The two links were way above my head. That's my problem, not yours. I did come up with a not so pretty solution. Inside the FB loop that receives the data I placed a time delay
for j=1 to 10000000:next j
If I make the delay two orders of magnitude shorter then the problem persists, all of which only adds to my confusion. The 8051 asks the pc "are you ready?" over and over and when the pc finally responds "yes", the 8051 sends data as fast as it can with no sense (that I'm aware of) that the pc is successfully receiving the data. I set the transmit and receive buffers to 1 in device manager. Both sender and receiver are set to 2400, 8 data bits, no parity, 2 stop bits. If the 8051 is sending as fast as it can and if the pc is hobbled by that time delay, how does it still work? I want to try a faster BAUD but don't have a proper crystal (without manual bit banging). Slower BAUD makes the problem worse.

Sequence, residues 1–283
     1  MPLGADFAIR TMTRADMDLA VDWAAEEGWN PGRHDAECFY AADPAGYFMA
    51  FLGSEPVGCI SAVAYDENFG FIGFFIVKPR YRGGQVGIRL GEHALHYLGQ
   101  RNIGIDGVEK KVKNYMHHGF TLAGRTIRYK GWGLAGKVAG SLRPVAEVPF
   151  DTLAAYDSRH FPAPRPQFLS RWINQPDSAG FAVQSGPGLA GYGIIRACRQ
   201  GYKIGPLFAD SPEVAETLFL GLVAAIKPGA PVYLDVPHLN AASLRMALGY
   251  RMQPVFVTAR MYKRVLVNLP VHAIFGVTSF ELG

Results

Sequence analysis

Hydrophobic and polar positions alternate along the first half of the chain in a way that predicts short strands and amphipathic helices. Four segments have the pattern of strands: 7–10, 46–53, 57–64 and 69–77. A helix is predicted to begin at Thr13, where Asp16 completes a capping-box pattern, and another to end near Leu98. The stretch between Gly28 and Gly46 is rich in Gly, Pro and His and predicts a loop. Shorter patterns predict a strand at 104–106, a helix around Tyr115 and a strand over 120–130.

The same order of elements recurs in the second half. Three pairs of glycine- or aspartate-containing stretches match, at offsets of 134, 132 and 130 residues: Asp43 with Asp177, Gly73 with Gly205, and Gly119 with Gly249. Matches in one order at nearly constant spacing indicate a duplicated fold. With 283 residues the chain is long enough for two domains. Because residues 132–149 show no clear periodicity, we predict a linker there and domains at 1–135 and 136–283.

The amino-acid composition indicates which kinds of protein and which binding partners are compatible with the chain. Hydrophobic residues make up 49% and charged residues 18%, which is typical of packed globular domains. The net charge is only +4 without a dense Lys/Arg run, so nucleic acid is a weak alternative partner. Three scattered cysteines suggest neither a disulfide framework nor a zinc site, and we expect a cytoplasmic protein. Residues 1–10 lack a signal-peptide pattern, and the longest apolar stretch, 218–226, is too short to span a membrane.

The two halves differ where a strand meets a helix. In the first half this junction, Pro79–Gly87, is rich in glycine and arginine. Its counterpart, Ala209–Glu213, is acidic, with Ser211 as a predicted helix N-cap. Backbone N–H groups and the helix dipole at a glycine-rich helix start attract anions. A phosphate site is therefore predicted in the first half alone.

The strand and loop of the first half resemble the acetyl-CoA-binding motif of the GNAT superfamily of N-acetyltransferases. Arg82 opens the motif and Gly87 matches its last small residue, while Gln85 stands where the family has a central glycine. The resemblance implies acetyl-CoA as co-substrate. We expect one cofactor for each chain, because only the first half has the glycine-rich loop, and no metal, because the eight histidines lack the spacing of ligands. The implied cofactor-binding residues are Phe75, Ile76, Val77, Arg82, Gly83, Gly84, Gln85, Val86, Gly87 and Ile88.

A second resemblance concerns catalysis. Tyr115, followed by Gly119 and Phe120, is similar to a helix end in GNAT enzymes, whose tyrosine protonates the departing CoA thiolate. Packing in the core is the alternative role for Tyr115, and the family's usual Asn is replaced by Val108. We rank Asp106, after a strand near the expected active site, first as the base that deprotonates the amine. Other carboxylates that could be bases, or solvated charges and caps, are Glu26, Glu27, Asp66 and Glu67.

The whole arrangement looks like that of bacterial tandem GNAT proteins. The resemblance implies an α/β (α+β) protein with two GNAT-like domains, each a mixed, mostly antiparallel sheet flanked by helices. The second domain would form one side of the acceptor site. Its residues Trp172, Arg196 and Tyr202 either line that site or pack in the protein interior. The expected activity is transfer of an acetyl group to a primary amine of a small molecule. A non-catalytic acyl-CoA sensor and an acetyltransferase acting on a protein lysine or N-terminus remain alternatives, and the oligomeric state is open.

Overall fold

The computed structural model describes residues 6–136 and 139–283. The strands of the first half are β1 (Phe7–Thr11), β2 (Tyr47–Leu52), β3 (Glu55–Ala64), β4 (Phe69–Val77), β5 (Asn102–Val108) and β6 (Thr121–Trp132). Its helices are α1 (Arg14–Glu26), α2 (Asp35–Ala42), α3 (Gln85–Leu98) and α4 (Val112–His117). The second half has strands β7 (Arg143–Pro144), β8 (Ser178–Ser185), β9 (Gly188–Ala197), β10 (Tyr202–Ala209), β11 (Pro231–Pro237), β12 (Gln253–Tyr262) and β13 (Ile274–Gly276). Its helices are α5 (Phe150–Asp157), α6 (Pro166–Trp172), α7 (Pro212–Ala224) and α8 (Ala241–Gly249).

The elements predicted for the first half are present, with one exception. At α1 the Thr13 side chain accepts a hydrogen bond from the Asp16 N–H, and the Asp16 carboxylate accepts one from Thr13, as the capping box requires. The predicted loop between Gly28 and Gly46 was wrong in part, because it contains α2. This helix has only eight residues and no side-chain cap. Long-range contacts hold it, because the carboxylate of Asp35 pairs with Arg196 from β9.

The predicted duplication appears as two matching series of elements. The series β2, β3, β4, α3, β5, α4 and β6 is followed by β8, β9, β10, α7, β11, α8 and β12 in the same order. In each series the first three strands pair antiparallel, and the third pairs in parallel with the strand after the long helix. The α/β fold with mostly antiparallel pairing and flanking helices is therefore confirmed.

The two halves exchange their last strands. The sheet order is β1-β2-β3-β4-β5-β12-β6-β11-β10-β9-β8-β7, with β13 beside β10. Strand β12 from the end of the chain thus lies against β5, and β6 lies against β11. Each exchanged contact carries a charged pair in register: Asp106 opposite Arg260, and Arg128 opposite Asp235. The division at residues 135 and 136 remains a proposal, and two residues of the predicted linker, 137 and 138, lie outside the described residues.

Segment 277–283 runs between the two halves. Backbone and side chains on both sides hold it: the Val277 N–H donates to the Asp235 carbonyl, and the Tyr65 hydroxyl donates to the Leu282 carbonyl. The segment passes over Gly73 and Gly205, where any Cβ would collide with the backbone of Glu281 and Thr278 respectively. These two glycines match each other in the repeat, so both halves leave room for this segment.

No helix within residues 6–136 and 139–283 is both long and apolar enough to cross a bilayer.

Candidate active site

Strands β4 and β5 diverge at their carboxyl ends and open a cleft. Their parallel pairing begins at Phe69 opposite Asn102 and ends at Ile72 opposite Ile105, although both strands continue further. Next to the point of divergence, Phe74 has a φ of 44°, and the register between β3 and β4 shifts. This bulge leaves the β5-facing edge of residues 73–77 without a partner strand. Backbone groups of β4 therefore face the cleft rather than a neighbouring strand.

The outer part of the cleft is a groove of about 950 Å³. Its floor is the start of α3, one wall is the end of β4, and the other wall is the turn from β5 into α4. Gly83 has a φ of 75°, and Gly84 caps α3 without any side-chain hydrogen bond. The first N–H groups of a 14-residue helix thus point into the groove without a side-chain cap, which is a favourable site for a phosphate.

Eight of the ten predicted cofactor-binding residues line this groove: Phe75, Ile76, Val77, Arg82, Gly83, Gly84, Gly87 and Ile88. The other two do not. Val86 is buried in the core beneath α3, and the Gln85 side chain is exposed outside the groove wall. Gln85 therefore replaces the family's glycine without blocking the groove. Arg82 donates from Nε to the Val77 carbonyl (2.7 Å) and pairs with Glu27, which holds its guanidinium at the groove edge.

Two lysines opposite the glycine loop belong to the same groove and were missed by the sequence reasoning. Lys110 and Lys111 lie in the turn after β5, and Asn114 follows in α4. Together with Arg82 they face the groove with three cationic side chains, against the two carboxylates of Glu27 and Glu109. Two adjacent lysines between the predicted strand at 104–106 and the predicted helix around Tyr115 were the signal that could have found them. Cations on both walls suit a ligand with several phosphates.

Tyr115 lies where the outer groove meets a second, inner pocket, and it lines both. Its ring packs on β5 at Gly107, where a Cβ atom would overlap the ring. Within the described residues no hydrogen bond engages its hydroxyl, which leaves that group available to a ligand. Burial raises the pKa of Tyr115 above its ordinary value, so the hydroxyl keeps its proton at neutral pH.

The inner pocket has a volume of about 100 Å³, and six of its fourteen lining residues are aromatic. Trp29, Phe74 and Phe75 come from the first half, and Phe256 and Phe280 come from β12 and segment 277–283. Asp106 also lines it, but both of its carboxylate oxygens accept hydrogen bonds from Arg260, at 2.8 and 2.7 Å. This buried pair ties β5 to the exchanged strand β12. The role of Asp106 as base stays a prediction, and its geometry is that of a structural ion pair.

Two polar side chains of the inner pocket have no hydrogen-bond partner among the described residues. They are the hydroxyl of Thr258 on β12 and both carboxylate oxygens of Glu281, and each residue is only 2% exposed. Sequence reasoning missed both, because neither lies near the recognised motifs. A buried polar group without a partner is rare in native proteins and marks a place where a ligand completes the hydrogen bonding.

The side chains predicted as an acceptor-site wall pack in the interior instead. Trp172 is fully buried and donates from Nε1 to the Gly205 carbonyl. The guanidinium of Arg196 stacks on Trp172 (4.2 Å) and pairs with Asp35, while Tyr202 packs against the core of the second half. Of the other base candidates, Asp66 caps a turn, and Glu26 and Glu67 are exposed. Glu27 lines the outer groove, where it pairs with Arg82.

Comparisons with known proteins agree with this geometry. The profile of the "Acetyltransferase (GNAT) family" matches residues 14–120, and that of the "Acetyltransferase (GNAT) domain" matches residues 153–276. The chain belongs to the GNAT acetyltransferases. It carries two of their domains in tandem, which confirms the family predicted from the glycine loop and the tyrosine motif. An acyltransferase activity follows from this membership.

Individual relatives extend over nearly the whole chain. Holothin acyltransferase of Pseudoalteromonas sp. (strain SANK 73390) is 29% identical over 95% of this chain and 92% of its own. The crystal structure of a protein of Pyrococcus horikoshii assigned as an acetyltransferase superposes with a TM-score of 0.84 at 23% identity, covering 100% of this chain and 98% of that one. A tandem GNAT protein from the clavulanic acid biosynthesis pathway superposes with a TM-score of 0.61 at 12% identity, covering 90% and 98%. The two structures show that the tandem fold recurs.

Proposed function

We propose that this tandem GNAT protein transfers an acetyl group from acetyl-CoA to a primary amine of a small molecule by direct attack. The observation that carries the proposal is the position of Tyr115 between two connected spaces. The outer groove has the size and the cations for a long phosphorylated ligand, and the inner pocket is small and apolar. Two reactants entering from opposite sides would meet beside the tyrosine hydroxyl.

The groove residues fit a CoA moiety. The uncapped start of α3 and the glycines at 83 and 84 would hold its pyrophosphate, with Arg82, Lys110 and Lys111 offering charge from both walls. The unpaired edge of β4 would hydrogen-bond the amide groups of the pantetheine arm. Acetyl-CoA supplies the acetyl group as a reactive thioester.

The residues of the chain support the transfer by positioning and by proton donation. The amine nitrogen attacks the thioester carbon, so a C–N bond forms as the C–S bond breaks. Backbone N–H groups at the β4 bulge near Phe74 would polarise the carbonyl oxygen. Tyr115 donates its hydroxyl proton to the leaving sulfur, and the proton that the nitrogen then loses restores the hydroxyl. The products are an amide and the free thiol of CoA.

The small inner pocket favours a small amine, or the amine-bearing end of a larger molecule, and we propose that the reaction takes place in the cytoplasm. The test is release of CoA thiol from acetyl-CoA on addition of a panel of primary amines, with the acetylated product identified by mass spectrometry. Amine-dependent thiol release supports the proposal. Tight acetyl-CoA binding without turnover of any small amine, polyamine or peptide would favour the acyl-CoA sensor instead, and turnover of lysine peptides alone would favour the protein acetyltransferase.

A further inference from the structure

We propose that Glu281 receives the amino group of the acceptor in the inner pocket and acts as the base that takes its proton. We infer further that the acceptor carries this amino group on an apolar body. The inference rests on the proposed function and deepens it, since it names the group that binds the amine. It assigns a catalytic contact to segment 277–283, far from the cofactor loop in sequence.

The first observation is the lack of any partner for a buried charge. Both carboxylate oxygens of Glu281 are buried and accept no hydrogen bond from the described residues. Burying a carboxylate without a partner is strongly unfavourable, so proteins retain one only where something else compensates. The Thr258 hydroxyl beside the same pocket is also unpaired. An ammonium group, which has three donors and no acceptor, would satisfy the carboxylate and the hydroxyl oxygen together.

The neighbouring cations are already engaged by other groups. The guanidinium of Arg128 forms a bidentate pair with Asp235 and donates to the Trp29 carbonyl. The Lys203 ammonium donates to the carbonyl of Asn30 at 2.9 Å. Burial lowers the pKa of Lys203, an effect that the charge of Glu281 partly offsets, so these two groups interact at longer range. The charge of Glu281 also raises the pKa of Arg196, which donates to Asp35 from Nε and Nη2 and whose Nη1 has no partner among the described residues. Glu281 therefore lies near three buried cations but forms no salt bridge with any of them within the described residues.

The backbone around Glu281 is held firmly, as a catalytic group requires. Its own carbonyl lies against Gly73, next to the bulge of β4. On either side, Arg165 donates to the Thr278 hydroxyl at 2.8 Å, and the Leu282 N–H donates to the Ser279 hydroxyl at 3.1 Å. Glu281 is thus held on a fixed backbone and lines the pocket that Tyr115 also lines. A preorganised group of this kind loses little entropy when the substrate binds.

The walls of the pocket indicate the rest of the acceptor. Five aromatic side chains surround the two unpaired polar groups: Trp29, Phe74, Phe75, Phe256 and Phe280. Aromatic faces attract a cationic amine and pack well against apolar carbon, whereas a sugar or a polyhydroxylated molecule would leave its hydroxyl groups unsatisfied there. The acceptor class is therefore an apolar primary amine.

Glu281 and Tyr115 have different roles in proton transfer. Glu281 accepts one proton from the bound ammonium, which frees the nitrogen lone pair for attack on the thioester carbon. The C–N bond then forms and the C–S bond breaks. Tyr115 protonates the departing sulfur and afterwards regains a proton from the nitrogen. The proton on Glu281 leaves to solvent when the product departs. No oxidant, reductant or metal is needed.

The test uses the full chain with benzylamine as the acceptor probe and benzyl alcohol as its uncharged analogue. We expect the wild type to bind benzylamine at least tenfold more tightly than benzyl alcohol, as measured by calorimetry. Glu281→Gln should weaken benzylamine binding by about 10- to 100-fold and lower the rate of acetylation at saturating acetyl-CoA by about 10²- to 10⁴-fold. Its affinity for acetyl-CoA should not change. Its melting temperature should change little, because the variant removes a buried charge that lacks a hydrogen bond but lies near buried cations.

When I go back to the Win 7 machine and send only 5 bytes, the pc stops after receiving the five bytes and then patiently waits for the next byte, just as I expected.
D.J.Peters
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Location: Germany

Re: Windows 10 and serial communication

Postby D.J.Peters » Feb 15, 2016 11:33

Do you measure the 2400 baud rate from your MC with an oscilloscope ?
Do you set the right params in the device manager also ?
Years ago I was run in to trouble with an Propellar chip and found out the boud rate was round about 18,000 and not 19,200.

Joshy
MrSwiss
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Joined: Jun 02, 2013 9:27
Location: Switzerland

Re: Windows 10 and serial communication

Postby MrSwiss » Feb 15, 2016 11:43

jona wrote:for j=1 to 10000000:next j
This is the WORST method ever (to implement a delay), simply forget it!
Use a Time based delay, e.g. sleep 10, 1 where: